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Crop cover the principal influence on non-crop ground beetle (Coleoptera, Carabidae) activity and assemblages at the farm scale in a long-term assessment

Published online by Cambridge University Press:  20 January 2016

M.D. Eyre
Nafferton Ecological Farming Group, University of Newcastle upon Tyne, Nafferton Farm, Stocksfield, Northumberland NE43 7XD, UK
R.A. Sanderson
School of Biology, Ridley Building, University of Newcastle, Newcastle upon Tyne NE1 7RU, UK
S.D. McMillan
ADAS UK Ltd., Alcester Road, Stratford-Upon-Avon, Warwickshire CV37 9RQ, UK
C.N.R. Critchley*
ADAS UK Ltd., c/o Newcastle University, NEFG Offices, Nafferton Farm, Stocksfield, Northumberland NE43 7XD, UK
*Author for correspondence Tel.: +44 1661 830643 Fax: +44 1661 830643 E-mail:


Ground beetle data were generated using pitfall traps in the 17-year period from 1993 to 2009 and used to investigate the effects of changes in surrounding crop cover on beetle activity and assemblages, together with the effects of weather variability. Beetles were recorded from non-crop field margins (overgrown hedges). Crop cover changes explained far more variation in the beetle assemblages recorded than did temperature and rainfall variation. A reduction in management intensity and disturbance in the crops surrounding the traps, especially the introduction and development of willow coppice, was concomitant with changes in individual species activity and assemblage composition of beetles trapped in non-crop habitat. There were no consistent patterns in either overall beetle activity or in the number of species recorded over the 17-year period, but there was a clear change from assemblages dominated by smaller species with higher dispersal capability to ones with larger beetles with less dispersal potential and a preference for less disturbed agroecosystems. The influence of surrounding crops on ground beetle activity in non-crop habitat has implications for ecosystem service provision by ground beetles as pest predators. These results are contrary to conventional assumptions and interpretations, which suggest activity of pest predators in crops is influenced primarily by adjacent non-crop habitat. The long-term nature of the assessment was important in elucidation of patterns and trends, and indicated that policies such as agri-environment schemes should take cropping patterns into account when promoting management options that are intended to enhance natural pest control.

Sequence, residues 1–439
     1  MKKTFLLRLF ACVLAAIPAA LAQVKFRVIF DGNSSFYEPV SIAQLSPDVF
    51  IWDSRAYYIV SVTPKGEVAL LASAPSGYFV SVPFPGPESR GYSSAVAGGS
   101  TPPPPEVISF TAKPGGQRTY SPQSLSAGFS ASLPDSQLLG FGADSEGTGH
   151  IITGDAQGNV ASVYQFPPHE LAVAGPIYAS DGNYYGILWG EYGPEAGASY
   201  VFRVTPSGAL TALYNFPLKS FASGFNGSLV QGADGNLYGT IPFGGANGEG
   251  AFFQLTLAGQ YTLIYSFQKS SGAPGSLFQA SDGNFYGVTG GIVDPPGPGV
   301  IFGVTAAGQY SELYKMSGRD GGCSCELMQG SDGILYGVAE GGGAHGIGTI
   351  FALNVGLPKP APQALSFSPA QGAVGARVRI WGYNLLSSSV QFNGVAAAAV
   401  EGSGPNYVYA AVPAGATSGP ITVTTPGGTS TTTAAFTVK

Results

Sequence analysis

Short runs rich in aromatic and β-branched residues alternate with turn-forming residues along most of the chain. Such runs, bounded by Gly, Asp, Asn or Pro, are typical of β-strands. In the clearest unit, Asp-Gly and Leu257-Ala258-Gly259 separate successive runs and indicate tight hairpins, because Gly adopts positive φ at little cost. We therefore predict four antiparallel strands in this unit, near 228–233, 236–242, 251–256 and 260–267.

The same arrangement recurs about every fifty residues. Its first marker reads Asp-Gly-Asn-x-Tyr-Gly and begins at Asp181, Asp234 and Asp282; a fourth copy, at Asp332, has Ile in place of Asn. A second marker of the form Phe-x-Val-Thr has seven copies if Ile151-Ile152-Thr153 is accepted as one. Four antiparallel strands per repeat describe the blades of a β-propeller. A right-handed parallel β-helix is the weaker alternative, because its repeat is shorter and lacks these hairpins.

Research Papers
Copyright © Cambridge University Press 2016 

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Crop cover the principal influence on non-crop ground beetle (Coleoptera, Carabidae) activity and assemblages at the farm scale in a long-term assessment
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